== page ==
Alex Pettyfer and Gabriella Wilde star in this romantic drama directed by Shana Feste.
Rhys Ifans is Howard Marks, the titular Mr. Nice, in Bernard Rose's biopic of the amiable international marijuana dealer.
Maybe you've read Howard Marks' autobiography, Mr. Nice, cover to cover. Or maybe you've seen it perched cheekily a-top the toilet cistern in a studenty type of residence and dipped into the first few pages. All you really need to know about the film's literary origins is that the book was marijuana kingpin Howard Marks' story in his own words. The film cleaves pretty closely to this largely uncritical perspective on the man who improbably went from dealing a bit of dope at Oxford University to allegedly controlling an impressive 10 per cent of the world's hashish trade, before doing time in prison.
Rhys Ifans plays Marks, a serendipitous piece of casting that makes the most of Ifans' hangdog charms, and he looks utterly at ease in a role that provides a happy-go-lucky flipside to the more moving and melancholic slacker-type he embodied in the same year's Greenberg. Like the drug whose values Marks extols, Bernard Rose's film sits at the milder end of the spectrum - this is a drug-movie largely free of the nihilistic angst of those other student staples Requiem For A Dream or the dead ceiling-babies of Trainspotting.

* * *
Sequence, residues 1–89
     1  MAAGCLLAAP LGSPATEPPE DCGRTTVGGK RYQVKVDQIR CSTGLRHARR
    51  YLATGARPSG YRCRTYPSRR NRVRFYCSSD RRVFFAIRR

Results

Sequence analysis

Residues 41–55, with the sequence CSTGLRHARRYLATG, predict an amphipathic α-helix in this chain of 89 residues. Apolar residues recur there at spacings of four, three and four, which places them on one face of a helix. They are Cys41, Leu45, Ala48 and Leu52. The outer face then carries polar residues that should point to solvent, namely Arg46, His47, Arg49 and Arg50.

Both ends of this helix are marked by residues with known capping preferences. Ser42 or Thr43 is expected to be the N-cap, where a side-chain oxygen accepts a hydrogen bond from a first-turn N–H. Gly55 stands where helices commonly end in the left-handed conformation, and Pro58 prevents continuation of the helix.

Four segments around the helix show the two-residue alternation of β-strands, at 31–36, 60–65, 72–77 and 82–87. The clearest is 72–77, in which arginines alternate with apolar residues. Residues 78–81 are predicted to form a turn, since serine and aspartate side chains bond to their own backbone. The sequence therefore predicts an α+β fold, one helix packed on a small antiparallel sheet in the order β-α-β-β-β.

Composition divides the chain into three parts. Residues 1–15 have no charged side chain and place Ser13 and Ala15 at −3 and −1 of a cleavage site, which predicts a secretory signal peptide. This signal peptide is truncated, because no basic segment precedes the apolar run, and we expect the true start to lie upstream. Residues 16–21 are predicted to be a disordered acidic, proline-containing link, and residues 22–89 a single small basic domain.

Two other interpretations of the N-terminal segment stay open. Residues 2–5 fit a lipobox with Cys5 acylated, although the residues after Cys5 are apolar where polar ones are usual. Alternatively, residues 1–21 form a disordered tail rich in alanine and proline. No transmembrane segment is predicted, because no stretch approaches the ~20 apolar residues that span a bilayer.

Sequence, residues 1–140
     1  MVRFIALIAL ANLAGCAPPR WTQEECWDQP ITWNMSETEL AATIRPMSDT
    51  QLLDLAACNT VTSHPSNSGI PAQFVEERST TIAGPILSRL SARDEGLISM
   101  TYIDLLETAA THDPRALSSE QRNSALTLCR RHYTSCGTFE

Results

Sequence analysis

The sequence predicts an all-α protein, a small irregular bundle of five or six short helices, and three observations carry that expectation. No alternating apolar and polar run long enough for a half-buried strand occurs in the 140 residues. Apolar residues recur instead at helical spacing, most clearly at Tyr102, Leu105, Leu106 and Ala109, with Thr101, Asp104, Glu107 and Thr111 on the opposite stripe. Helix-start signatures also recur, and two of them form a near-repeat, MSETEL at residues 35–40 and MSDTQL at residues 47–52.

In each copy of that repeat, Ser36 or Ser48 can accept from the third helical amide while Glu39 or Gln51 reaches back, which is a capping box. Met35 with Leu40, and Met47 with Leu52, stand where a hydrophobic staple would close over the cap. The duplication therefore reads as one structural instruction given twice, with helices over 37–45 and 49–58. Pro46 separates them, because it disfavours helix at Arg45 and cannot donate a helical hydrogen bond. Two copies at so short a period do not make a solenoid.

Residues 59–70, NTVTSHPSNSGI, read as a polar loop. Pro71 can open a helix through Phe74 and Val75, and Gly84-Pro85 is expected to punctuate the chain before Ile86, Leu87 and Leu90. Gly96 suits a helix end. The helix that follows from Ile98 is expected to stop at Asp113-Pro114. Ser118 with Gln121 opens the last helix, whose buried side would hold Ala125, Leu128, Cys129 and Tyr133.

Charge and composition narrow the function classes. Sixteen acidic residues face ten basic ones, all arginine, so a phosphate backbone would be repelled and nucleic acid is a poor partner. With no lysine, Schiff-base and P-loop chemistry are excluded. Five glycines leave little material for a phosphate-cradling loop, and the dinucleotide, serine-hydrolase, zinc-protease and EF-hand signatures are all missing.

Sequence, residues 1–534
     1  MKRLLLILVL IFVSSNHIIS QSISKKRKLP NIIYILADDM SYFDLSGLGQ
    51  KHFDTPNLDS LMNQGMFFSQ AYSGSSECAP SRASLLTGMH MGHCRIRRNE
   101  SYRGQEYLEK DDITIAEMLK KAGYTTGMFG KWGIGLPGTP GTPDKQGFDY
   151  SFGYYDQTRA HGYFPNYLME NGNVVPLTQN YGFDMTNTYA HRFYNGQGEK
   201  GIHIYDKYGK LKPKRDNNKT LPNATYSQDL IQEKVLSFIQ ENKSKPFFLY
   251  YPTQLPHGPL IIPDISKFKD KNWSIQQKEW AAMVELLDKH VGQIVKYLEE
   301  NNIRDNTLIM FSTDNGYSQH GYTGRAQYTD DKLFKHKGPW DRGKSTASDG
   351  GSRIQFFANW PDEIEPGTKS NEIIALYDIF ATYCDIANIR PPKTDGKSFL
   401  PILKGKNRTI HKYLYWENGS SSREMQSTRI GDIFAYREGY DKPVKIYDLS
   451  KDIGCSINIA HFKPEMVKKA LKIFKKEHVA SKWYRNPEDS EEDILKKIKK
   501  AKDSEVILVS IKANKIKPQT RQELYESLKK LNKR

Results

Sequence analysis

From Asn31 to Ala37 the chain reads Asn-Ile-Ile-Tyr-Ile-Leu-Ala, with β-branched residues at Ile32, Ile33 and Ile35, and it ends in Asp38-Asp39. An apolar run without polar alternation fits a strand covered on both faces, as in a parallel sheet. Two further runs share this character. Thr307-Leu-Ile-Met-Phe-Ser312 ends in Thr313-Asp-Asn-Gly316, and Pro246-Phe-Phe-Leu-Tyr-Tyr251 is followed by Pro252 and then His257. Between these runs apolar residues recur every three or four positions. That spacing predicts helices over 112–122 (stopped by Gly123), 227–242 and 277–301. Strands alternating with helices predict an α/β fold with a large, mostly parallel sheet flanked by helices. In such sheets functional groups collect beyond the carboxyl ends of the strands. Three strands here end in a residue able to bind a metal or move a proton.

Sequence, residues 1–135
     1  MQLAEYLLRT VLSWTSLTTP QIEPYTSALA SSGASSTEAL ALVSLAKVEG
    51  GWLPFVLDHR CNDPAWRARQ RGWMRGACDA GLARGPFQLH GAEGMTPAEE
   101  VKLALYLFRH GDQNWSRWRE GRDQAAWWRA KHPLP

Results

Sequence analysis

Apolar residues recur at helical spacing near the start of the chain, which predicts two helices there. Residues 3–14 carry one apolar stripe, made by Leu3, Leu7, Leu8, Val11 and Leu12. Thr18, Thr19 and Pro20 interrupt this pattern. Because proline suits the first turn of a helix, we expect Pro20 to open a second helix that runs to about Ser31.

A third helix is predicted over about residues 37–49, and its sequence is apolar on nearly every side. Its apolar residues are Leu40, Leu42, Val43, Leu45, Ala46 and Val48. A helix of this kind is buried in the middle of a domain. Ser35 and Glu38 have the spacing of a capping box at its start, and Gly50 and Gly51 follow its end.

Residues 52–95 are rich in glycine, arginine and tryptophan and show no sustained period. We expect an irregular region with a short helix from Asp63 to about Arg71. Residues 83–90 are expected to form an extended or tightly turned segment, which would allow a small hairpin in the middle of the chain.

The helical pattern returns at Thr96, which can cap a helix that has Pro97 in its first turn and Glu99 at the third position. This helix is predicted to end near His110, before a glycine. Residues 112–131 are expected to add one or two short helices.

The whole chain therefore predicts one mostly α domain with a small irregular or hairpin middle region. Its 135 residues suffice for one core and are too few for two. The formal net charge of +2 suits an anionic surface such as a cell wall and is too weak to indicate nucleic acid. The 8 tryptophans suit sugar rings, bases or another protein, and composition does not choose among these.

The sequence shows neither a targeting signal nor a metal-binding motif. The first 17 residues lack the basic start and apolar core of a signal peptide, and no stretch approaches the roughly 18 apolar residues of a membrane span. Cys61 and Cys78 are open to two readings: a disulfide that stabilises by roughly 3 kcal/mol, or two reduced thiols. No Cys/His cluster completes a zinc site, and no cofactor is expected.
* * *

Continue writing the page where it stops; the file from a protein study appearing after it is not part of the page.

In a nutshell: Like its protagonist, nice - rather than, say, magnificent - is the watchword here, but it's a pleasant enough trip, man, with a likeable performance from shambly old Rhys Ifans in the title role.
Film4.com Editor Michael Leader runs through ten standouts from the Toronto International Film Festival... The Oath I'd already seen three of the four Film4-backed films screening in Toronto (inc
As his Film4-backed Icelandic thriller The Oath premieres in Toronto, director/writer/actor Baltasar Kormakur speaks with Film4.com editor Michael Leader about making films in Hollywood, returning to
The best all-singing, all-dancing showstoppers every committed to screen
A summary of the critics and film professionals who voted for the top 50 Horror films of the 21st Century